"The accused have the right to bail but considering the public interest their case has generated, it is the view of the court that they are safe in police custo dy than out there," said Chief Resident Magistrate Nyakwawa Usiwa-Usiwa in his 30 -minute ruling on the couple’s bail application.
The couple, Steven Monjeza, 26 and his bride-to-be, 20-year-old Tiwonge Chimbalanga, were arrested 27 December, following their public traditional engagement ce remony a day earlier, ahead of their planned marriage, scheduled for later this year.
Like in most African countries, homosexuality is illegal in Malawi and the country has stringent laws to reprimand anybody caught in such acts.
The two were last Wednesday charged with three counts of puggery (practicising unnatural acts between males) and gross indecency, contrary to Malawi’s Penal Code.
The two are liable to spend up to 14 years in jail with hard labour if convicted.
Usiwa-Usiwa ordered that the prosecution should conclude their investigations into the case ready for a speedy trial from Monday next week.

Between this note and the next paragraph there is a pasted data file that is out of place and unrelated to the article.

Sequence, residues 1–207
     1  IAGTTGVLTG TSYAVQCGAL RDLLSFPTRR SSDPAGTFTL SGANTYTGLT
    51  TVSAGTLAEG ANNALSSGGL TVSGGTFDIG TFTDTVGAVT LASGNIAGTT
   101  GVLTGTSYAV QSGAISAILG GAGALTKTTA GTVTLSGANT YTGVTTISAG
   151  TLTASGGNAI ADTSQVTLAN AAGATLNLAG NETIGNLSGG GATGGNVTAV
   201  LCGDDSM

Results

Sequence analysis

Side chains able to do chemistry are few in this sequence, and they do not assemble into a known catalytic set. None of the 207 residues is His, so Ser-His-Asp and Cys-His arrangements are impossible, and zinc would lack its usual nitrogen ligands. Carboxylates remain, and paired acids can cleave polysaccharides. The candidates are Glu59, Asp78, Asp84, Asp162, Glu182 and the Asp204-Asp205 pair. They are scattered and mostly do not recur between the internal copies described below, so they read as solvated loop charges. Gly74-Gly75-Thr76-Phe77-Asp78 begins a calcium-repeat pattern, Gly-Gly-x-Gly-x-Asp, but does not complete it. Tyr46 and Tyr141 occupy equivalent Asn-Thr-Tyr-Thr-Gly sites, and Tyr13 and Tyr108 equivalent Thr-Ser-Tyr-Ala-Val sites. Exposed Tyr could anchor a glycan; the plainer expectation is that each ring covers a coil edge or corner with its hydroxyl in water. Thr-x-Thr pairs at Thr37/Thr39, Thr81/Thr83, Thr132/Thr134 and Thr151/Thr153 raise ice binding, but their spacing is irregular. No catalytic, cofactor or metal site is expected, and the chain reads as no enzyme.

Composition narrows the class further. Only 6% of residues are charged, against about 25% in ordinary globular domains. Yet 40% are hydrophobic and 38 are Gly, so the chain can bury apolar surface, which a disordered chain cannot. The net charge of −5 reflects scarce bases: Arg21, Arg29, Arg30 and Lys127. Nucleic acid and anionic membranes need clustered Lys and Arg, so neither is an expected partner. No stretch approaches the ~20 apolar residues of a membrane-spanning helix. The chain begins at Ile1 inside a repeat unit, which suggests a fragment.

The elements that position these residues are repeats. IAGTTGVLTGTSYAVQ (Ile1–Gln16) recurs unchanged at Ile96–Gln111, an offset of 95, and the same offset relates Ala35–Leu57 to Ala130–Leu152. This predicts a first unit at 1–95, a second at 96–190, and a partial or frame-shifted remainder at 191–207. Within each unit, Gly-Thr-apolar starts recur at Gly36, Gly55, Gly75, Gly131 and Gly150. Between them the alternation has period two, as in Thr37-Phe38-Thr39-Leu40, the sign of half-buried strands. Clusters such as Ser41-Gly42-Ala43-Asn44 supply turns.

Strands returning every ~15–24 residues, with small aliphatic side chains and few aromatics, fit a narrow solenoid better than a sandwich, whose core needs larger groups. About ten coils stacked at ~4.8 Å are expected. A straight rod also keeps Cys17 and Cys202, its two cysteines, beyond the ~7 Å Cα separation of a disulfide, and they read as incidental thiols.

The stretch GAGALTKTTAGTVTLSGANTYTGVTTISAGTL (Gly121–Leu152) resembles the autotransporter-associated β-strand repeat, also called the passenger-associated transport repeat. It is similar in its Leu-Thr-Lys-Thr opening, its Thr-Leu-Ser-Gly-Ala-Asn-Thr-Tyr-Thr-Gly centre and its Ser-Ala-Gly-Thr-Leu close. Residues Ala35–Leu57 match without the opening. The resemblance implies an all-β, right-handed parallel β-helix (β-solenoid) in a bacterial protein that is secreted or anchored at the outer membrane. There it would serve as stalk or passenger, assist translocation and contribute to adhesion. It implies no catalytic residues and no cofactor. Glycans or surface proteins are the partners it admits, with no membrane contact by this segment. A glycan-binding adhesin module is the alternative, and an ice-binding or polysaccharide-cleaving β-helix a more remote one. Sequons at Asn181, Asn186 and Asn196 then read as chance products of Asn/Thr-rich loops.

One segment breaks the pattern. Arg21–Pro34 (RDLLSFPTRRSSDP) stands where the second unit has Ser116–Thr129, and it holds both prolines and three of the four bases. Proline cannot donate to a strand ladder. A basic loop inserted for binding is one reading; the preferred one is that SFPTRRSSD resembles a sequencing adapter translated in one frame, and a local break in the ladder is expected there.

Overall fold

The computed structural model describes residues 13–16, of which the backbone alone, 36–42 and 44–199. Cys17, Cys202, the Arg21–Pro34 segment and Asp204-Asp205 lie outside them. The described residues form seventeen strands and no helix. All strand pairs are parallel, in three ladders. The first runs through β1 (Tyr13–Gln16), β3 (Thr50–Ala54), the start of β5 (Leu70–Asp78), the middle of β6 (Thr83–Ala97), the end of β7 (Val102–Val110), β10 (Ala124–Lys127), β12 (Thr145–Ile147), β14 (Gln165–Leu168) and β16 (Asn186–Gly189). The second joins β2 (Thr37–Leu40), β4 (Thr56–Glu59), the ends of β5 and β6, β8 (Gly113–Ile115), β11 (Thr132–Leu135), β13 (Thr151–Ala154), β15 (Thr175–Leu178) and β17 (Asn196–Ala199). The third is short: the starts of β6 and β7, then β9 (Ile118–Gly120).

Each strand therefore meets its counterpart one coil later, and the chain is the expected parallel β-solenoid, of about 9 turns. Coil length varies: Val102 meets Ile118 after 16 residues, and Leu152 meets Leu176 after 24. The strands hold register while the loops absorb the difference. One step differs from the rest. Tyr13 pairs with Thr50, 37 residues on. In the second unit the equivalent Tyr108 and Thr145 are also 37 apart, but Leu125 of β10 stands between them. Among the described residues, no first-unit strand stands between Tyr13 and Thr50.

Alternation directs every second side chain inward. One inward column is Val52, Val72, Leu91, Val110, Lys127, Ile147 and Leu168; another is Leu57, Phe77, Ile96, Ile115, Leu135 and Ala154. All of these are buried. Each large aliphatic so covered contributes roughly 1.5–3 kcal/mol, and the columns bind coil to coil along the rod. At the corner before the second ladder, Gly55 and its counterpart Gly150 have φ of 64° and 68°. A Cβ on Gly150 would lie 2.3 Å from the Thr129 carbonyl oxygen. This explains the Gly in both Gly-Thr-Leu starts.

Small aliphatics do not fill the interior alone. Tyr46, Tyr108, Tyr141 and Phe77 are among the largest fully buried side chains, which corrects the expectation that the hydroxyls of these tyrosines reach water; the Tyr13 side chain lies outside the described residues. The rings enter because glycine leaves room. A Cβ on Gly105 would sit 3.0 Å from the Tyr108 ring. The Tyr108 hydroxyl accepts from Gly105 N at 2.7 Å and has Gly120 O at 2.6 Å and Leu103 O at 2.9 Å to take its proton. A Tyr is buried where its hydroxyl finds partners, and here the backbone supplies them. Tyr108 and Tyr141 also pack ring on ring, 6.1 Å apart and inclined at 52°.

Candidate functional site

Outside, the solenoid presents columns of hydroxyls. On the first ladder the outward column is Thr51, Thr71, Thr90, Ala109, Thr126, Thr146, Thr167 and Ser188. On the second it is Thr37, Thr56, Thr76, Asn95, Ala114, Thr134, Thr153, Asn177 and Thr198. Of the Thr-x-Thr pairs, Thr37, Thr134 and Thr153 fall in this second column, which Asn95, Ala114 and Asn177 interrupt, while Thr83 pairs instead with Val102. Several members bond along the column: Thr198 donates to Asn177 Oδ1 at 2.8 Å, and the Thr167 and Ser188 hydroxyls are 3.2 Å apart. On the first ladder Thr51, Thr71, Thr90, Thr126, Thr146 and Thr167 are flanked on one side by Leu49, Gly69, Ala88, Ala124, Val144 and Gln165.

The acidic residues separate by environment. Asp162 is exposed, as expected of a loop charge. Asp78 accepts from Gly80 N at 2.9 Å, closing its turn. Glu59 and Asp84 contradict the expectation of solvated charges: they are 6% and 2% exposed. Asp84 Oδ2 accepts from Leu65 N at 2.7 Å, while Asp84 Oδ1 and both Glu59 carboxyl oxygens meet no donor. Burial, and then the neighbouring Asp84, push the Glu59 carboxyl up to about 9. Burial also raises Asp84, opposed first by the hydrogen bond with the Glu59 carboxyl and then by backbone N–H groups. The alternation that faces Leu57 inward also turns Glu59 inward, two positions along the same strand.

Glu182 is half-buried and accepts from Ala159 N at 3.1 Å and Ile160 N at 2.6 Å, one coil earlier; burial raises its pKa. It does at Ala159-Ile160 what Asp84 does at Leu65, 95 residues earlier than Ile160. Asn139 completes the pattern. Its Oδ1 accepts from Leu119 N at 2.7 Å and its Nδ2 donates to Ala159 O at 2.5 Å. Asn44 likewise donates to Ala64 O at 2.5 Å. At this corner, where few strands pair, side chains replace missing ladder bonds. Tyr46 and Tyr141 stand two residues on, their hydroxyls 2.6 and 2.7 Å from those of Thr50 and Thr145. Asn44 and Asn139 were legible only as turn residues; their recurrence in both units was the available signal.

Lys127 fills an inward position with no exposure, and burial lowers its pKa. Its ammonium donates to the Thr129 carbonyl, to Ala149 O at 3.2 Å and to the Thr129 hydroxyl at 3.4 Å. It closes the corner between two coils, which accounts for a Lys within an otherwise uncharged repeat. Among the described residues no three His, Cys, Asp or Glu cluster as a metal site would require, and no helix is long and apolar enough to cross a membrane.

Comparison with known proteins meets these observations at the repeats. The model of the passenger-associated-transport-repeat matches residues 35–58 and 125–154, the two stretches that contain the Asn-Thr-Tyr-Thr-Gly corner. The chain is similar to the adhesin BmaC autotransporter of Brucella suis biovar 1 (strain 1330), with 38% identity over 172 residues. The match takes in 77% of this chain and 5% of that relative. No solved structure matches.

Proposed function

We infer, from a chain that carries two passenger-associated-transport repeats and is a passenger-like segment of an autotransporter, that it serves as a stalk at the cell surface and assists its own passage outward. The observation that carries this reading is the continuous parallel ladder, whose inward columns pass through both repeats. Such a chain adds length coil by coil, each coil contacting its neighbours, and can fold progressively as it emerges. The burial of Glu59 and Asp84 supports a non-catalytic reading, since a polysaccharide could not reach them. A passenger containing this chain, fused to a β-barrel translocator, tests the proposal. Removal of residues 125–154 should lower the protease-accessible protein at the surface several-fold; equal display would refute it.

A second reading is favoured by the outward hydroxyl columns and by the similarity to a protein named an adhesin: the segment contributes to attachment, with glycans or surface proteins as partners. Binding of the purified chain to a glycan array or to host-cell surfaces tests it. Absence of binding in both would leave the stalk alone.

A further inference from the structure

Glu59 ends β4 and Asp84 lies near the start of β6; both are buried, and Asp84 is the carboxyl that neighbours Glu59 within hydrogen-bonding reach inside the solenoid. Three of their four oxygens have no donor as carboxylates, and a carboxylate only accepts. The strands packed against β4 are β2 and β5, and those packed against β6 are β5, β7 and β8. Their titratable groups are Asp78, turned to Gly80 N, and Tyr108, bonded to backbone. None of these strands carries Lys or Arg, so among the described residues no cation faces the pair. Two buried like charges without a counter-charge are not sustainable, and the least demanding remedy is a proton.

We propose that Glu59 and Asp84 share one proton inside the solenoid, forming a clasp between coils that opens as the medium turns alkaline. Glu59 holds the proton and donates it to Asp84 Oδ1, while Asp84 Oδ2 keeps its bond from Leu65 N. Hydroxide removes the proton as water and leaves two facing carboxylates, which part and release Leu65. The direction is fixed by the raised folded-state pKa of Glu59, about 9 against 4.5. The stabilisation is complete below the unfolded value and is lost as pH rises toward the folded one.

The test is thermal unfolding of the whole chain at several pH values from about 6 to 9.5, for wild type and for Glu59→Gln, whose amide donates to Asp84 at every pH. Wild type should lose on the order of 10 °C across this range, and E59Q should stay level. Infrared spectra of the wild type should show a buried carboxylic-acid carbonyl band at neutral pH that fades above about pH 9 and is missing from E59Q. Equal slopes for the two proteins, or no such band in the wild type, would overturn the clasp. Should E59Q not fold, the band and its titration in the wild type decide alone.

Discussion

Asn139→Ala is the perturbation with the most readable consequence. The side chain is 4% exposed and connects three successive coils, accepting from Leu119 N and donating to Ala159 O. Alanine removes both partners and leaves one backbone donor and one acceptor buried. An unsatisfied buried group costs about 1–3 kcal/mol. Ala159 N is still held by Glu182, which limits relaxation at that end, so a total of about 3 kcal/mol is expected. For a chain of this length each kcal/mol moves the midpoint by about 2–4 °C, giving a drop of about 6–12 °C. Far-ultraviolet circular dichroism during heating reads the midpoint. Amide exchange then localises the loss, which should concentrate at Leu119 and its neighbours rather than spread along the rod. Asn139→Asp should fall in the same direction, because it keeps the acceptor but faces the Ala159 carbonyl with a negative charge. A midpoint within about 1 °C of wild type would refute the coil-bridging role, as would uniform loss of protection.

"The case should be concluded by Friday next week and, if by then the prosecution had not concluded the case, I may consider granting the accused bail," he said.
Earlier in the hearing, lead prosecutor Dickens Mkombezi told the jam-packed court-room that the state will take the couple to hospital for medical examination on Tuesday to ascertain their gender and whether they have been having carnal kno wledge.
The arrest of the couple has split legal opinion in Malawi with one school of thought saying the couple broke existing laws and must be punished.
However, another school of thought is of the opinion that the Bill of Right enshrined in the new Constitution, adopted in 1995, says no one should be discrimina ted against based on – among other things – their sexual orientation.
Human rights lawyer Chrispine Sibande told PANA Monday the new Malawi Constitution is clear on this.
Section 5,199 and 200 of our new Constitution guarantees freedom of conscience, privacy and expression, including sexual orientation," he said.
Sibande said the Constitution, which he described as the supreme law of the land, says in its preamble that any law inconsistent with the spirit of the Constitution is invalid and therefore sections 153 and 156 of the Penal code, which criminalizes homosexuality, is inconsistent with the Constitution and therefore invalid," he said.